When purchasing a new car these days most people find out all they need to know on the Internet such as dealer invoice prices and the holdback the dealer receives. In order to get the best deal, assemble all the information you need and learn to negotiate price. There are some things the dealer won't tell you and other things you can use to your advantage.
So you want that SUV and the Internet says the dealer paid $25,000 for it, so what should you pay? Certainly not $25,000, you should pay much less. Beyond the dealer's cost of $25,000, there are hidden dollars in that dealer invoice the dealer will realize but you'll never see. For instance:
Holdback - Ask to see the dealer invoice and under the "description" of the vehicle, you'll see letters and numbers like: "HB75000." What that means is the dealer will get an additional $750 from the manufacturer as holdback to help them negotiate the price.
Advertising - Also built into the invoice and called something like "PPA" or "DDA" is what manufacturers call the advertising dollars. Sure it looks like the dealer paid it, but every dealer gets in back in their monthly advertising allowance on each new vehicle they have in stock. It can range between $200 and $500 depending on what state you live in, so ask the dealer to take that off of the price too.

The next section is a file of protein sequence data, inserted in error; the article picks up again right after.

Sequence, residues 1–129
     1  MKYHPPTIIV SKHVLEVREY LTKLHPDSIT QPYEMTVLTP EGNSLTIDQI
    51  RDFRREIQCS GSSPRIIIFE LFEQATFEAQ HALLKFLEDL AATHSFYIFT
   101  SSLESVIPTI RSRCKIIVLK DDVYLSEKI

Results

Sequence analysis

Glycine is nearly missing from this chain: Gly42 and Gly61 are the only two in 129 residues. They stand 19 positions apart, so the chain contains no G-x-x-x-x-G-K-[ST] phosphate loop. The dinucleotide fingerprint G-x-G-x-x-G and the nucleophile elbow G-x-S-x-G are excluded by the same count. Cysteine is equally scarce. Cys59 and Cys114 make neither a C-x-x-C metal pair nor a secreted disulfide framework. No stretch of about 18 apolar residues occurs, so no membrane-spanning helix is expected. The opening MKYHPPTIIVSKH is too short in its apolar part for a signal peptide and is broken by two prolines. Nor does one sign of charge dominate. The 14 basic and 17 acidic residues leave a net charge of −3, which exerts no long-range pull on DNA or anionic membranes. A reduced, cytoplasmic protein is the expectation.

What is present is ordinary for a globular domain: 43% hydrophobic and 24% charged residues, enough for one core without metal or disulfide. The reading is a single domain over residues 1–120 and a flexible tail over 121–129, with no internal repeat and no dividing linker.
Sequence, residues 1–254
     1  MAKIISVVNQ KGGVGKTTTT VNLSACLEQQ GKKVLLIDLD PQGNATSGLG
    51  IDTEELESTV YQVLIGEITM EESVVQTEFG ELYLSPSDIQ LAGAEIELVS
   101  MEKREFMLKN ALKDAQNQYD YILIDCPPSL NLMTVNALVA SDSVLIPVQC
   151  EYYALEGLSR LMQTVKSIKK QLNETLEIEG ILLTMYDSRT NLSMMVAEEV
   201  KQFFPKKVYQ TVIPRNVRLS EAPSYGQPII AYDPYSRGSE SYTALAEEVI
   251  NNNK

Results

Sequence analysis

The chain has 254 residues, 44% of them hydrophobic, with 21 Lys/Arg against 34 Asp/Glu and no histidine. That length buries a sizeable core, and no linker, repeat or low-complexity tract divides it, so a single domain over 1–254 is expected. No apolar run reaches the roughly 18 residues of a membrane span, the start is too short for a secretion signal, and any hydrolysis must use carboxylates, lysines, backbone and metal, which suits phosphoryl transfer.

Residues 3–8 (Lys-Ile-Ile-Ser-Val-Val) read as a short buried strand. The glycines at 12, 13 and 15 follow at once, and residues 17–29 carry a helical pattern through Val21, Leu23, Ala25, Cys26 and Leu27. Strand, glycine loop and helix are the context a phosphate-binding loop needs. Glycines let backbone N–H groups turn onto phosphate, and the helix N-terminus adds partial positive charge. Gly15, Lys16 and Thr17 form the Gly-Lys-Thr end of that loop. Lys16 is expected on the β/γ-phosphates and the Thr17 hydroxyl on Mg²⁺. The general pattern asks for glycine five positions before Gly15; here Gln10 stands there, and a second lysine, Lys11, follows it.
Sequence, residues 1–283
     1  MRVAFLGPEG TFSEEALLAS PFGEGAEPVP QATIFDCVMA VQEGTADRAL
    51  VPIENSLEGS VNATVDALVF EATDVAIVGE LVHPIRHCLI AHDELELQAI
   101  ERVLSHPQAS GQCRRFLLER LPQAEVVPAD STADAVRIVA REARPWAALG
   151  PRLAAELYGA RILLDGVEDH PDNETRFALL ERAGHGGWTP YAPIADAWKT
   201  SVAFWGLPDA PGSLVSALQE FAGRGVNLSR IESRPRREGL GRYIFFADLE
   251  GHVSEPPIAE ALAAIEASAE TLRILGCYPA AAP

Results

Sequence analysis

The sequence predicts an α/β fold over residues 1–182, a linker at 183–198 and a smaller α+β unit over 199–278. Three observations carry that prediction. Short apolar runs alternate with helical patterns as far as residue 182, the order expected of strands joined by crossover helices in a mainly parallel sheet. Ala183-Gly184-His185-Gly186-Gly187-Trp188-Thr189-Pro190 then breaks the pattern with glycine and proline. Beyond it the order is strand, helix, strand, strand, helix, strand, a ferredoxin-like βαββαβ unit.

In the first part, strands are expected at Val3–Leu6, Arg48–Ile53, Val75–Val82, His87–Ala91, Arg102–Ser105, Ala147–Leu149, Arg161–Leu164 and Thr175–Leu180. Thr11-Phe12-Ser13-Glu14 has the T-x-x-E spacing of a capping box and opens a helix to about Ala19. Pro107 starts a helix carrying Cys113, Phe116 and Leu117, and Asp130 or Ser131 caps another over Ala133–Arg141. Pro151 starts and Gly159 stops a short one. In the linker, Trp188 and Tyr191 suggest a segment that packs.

Destination Charge - This is built into every vehicle invoice and it is something the dealer has to pay. They do get a vehicle preparation payment on each new vehicle of around $125, so ask them to deduct the vehicle prep payment from the destination charge.
Back-end Incentives - When auto manufacturer's see a model that isn't selling all that well, they offer the dealer incentives (in dollars) to get rid of them. They can often be as high as $5,000 to $6,000 so ask if there are any back end incentives. These can be used to reduce the sales price along with consumer rebates that are advertised.